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Government agencies continue to discuss long-term plans such as permanent housing for nearly 500 homeless men, women and children encamped in Kakaako.
But now it’s time for the city and state to take action to come up with immediate, near-term solutions.
Gov. David Ige said Thursday his administration is working with Honolulu Mayor Kirk Caldwell to create a new emergency shelter area in Kakaako on state land that’s away from the Hawaii Children’s Discovery Center.
The governor says, “Obviously the situation at the Children’s Discovery Center is unfortunate. That is why we want to find another area for the homeless.”
The Discovery Center is surrounded by nearly 200 homeless tents on Ohe Street.
The Hawaii Children’s Discovery Center is adjacent to a burgeoning homeless encampment.
Cory Lum/Civil Beat
Discovery Center Board Chair Loretta Yajima told the Hawaii Community DevelopmentAuthority board Wednesday that the children’s museum may have toshut down if homeless vagrants continue to defecate on the facility’splayground, damage equipment and scare away young visitors.
She says since the homeless encampment began to expand, museum attendance has dropped by 30 percent.
And some parents, worried about safety, have taken their children out of the museum’s summer programs, she says.
Homelessness by the children’s museum has grown rapidly since Kakaako Makai became a de facto safe zone for people pushed off Waikiki and Chinatown sidewalks by the city’s new sit-lie laws.
“To put a homeless encampment next to a children’s museum is incomprehensible, “ says Yajima.
Mayor Caldwell’s spokesman, Jesse Broder Van Dyke, confirmed that the mayor was meeting with the governor Thursday to discuss a location to move the homeless encampment, but he says it’s too early to make an announcement.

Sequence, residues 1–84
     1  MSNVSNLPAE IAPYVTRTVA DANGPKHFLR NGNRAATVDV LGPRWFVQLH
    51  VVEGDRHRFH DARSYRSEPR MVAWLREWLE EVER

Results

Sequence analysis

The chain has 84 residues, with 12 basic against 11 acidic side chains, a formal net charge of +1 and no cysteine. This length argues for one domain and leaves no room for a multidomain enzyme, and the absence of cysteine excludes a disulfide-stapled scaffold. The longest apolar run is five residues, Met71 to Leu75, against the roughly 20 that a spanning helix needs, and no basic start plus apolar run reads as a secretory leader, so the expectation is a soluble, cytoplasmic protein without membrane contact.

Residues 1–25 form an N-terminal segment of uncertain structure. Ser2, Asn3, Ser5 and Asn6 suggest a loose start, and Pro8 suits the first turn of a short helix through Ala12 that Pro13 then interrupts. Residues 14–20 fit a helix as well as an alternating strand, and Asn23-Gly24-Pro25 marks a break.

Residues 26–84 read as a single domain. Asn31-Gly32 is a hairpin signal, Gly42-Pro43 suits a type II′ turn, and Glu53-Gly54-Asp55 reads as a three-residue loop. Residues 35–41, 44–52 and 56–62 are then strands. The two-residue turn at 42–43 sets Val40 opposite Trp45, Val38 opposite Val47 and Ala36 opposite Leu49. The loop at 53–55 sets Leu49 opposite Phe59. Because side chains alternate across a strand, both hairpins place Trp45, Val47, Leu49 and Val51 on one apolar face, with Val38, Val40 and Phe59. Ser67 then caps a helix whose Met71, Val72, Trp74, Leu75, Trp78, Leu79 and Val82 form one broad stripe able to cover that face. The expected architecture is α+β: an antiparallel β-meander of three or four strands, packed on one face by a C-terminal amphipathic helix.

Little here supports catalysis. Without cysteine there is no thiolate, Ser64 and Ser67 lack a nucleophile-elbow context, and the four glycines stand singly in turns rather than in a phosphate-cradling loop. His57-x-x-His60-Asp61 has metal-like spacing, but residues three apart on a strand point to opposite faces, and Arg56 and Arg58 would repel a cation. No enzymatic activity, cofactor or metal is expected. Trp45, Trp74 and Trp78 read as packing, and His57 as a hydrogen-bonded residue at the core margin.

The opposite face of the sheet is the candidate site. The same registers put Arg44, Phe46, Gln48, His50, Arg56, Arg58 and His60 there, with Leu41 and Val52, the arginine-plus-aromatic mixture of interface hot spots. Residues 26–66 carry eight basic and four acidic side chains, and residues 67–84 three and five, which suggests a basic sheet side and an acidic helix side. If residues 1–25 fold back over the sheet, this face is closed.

Ige says his administration is working with HCDA (the state agency in charge of Kakaako development) and the city to identify a parcel of state land to locate a new temporary emergency area for the homeless with bathroom, showers and other services.
John Whalen, board chairman of the HCDA, says a possible site under consideration is the parking lot next to the Next Step Homeless Shelter at Pier 1, west of Kakaako Waterfront Park.
“But there still needs to be some investigation,” says Whalen.
Whalen says HCDA is also prepared to open the now vacant J.K.K. Look Laboratory in Kakaako for homeless to store their belongings when their encampment is moved to a new location.
The University of Hawaii formerly leased the Look Laboratory for ocean research. It features an 18,000-square-foot warehouse.
Whalen says it is important to move the homeless camp for the security and safety of both the Kakaako tenants and for the homeless families with children.
Ige says he has no date yet for when a new emergency shelter area would be operating.
Gov. David Ige is working with the city in an effort to relocate the homeless people living in a Kakaako encampment.
Cory Lum/Civil Beat
“Creating homeless shelters, even temporary shelters, does take some time,” says Ige.